Sunday, September 20, 2009

Polaris Prize Jitters-- or, not a prediction, but a vote

I have never been so anxious and nervous on someone else's behalf. There are so many excellent albums from the short list that I've loved, but all in all, there is no doubt that I think Joel Plaskett's Three is the most deserving of this year's Polaris Music Prize.

Those who have even briefly glanced at this blog since its inception will no doubt call me out on my bias. But keep this in mind-- music, and its merits, are highly subjective to personal experience. No doubt my attachment to Three is amplified due to my life events. This album has held my arm through the slow dissolution of a relationship, moving out, and being left behind; it has at times made me laugh, coaxed me through my loneliness, and made me yearn for a love that leaves on the front porch light. He put on the best concerts I've seen so far - ever, and is a major reason why I am passionately in love with Canadian independent music, writing about it, attending concerts, buying music and merch, etc.

But objectively-- when it comes down to it, Plaskett was able to weave three albums -- 27 tracks, or 30 including the Three More outtakes EP -- cohesively, coherently and beautifully. Not to mention the links and throwbacks to his music all the way back to when he was with Thrush Hermit back in his teens. I know some critics think that his music all sounds the same; I think it's laudable as an artist to be informed and expand from a thematic core.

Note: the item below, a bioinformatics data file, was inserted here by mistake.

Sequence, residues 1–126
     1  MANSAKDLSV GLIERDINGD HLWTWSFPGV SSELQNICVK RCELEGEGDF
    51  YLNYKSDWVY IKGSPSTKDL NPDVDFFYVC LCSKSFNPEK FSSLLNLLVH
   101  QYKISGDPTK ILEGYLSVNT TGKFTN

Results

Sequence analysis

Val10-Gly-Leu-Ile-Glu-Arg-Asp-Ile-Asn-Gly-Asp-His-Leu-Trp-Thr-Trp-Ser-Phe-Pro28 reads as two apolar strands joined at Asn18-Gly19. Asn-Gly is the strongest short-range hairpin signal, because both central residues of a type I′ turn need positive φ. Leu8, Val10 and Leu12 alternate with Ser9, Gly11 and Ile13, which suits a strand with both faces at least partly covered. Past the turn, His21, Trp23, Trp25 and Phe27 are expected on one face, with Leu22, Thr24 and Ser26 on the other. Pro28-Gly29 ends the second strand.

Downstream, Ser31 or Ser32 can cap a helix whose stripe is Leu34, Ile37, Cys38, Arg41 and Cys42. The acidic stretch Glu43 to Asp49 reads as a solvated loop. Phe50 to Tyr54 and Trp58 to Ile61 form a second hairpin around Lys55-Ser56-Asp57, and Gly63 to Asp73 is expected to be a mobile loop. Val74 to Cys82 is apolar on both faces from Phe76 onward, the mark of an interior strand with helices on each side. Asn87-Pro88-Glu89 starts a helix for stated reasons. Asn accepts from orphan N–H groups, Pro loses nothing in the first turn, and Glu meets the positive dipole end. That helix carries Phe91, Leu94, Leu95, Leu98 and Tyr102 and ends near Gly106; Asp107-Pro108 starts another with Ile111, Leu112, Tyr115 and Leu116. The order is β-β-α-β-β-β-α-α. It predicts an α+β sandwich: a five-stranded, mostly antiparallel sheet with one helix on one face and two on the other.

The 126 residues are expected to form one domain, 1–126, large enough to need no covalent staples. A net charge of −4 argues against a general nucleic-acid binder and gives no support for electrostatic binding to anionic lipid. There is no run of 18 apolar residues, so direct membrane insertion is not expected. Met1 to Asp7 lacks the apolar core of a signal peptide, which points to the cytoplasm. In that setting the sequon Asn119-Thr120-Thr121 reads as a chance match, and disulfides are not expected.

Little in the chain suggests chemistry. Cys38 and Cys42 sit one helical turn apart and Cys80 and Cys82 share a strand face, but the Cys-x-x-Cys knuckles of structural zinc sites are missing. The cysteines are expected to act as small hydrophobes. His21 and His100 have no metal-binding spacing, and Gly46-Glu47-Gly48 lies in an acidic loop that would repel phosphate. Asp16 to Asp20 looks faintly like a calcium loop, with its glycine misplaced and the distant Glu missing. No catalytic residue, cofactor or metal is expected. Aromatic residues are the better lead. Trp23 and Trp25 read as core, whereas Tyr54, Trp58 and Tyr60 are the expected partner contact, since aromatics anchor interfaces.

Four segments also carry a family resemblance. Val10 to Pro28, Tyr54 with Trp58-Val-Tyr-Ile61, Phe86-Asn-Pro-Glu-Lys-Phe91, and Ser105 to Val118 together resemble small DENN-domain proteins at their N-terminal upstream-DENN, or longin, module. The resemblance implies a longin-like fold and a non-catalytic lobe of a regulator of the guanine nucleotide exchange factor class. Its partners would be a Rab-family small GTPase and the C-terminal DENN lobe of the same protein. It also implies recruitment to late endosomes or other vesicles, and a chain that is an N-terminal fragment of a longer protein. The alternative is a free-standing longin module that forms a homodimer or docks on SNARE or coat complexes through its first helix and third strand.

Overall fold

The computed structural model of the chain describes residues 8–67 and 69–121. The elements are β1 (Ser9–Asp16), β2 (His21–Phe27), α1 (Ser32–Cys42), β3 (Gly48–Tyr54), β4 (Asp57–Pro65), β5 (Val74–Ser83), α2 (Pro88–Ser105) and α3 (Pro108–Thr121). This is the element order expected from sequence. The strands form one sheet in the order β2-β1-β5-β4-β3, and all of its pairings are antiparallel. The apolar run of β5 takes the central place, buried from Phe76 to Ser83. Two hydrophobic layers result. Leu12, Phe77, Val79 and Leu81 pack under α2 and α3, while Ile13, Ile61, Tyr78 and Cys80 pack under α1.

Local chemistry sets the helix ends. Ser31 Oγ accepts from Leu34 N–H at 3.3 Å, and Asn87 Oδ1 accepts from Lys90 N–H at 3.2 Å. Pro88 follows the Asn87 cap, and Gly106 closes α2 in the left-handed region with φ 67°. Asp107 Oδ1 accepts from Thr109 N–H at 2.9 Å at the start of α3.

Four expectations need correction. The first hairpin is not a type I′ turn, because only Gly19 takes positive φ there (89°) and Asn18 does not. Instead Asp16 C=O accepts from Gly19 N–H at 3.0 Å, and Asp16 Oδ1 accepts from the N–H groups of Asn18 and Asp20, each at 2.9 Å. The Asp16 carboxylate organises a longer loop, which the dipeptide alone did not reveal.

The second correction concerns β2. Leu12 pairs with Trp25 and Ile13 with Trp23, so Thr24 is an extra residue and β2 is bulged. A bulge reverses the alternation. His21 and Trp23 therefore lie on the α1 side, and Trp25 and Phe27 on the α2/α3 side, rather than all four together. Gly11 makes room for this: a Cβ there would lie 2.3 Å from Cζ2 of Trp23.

And does all his music follow a predictable pattern? By no means!
Disc 1 is playfully defiant, with the horns-infused Through & Through & Through, the Salvation Army keyboard "original rhythm track" on Wishful Thinking, and the sultry longing in the R&B/blues-inspired Wait, Wait, Wait. The album ends with a question: "Won't you meet me at the station when the train comes in?"
Disc 2 answers the question with lessons we often learn in pain and waiting. In this aching, downbeat and contemplative disc, Shine On, Shine On, Shine On is drenched in loneliness, Heartless, Heartless, Heartless stung by betrayal, and In The Blue Moonlight with its eggshell-crunching percussion, provoking at once the imagery of someone shuffling along a gravel road under a lonesome moon.
Disc 3 has regained a weathered brightness. It has forgiven but not forgotten, and in the beginning 3 tracks, the wandering traveller returns, and quickly realizes that past hurts cannot be undone. The following tracks follow a struggle between letting go of the hurt and loneliness and recognizing the love that overcomes these trials, and the rollicking Rollin', Rollin', Rollin' and On & On & On twist the previous neat conclusion, as travellers must travel, musicians must tour, and through all this, love goes on (and on and on).

So I guess consider this my very belated Three album review, one that grew on me over time, and informed by my experiences which had been spoken into by this album. Thanks for bearing with me. These points may not be valid for you-- they are my lived-out truths. Best of luck Joel!

For the Polaris Prize Gala, tune in live September 21 at 5pm PT on CBC Radio 3, Sirius 86 or on MuchMusic. There will be performances by all 10 short list artists, and the winner of the $20,000 and designation of the best album of 2009 will be revealed!